Arild Andersen - Paolo Vinaccia - Tommy Smith
"But the sheer depth and lustre of this trio's sound can invite you to start purring in grateful imitation." GUARDIAN
"with Mira, the possibilities possess an evolved simpatico, greater attention to space and more expansive, expressive vernacular." ALLABOUTJAZZ
"It is Andersen's skill as a composer of ballads that provides it's strongest cornerstone." INSTRUMENTAL
⑦ Le Saleya
⑩ Eight and More
Arild Andersen (double bass, electronics), Paolo Vinaccia (drums), Tommy Smith (tenor saxophone, shakuhachi flute)
After the eruptive excitement of their Live at Belleville album, which was widely praised around the world (and secured for leader Arild Andersen the Prix du Musicien European 2008 from the Academie du Jazz in France), illustrious Norwegian bassist Andersen, tenorist Tommy Smith and drummer Paolo Vinaccia now deliver a studio album. In Oslo's Rainbow, the trio rechanneled their music's energies into a programme of soulful ballads and mid-tempo freefloating sound explorations.
The pairing of Andersen's muscular bass and Smith's vaulting tenor is exceptionally compelling (as the recent "Celebration" album also confirmed) and Vinaccia's approach to ballad-playing is like nobody else's. Most of the tunes on Mira are from Arild's pen, though his cohorts also contribute material, with Smith switching to shakuhachi for an improvised dialogue with Vinaccia on "Raijin". Tommy Smith also shines on Burt Bacharach's "Alfie", a tune the trio have been playing as an encore in concerts, savouring the prettiness of the melody.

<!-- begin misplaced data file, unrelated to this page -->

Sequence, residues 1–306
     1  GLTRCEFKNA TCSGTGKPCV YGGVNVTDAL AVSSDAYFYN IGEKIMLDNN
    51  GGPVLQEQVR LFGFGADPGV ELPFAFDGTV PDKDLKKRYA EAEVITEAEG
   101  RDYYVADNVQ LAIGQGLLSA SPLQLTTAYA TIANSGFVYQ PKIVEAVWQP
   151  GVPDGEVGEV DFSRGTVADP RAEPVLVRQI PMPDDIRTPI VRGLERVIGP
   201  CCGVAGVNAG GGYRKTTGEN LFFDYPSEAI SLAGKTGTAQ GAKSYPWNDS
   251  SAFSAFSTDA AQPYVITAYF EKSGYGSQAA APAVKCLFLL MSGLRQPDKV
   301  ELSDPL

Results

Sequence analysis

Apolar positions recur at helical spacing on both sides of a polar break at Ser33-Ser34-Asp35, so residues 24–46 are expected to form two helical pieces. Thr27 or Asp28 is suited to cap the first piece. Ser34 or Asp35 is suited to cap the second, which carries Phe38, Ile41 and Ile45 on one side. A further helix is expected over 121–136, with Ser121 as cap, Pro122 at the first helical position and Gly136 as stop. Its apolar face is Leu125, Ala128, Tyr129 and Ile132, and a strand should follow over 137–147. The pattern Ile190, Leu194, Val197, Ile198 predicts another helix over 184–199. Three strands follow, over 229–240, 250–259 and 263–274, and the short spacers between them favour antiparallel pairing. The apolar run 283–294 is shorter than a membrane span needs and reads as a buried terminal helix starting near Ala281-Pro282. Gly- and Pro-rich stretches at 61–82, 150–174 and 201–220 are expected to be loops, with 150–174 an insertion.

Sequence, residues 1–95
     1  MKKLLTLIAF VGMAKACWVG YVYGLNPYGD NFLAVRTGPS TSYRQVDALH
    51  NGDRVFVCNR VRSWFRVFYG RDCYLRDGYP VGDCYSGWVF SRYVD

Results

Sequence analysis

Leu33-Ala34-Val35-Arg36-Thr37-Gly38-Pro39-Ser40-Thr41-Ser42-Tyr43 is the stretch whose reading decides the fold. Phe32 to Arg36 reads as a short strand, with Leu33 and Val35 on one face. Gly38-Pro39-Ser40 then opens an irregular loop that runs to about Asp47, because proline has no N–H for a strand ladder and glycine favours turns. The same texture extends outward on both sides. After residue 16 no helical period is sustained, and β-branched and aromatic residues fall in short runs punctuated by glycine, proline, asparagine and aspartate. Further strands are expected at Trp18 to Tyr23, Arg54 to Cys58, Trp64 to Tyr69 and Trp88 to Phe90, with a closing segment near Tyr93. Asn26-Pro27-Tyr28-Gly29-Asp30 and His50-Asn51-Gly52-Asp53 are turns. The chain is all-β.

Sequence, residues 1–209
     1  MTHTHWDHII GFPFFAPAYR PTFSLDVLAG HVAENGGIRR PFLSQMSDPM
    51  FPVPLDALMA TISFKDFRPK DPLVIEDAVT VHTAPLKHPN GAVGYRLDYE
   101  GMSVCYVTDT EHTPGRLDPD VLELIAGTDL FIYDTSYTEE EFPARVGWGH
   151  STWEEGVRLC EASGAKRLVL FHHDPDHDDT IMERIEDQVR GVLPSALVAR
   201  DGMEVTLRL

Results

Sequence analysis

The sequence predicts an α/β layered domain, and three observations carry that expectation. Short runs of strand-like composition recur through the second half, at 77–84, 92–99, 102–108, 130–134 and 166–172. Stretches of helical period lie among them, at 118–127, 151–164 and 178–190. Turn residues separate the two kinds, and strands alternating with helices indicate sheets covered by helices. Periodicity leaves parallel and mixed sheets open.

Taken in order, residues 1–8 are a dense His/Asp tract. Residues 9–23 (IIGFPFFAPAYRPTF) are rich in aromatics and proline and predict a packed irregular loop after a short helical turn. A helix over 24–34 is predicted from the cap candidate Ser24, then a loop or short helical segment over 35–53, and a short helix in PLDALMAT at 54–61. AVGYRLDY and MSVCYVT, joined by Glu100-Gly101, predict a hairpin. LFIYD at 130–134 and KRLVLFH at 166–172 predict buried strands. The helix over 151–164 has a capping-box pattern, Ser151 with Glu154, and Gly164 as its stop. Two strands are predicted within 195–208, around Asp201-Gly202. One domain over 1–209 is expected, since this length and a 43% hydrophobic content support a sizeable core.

Trio leader Andersen has played in almost every jazz ensemble context over the years, but there is something especially satisfying about hearing him in the bare boned trio format of sax, bass and drums. For long-time Andersen listeners this trio will also trigger memories of Arild in the early 1970s, with the Triptykon-trio with Garbarek and Vesala, and the Sam Rivers Trio. The absence of a harmony instrument opens up new space for creative interplay and the three musicians, listening acutely, use it very well.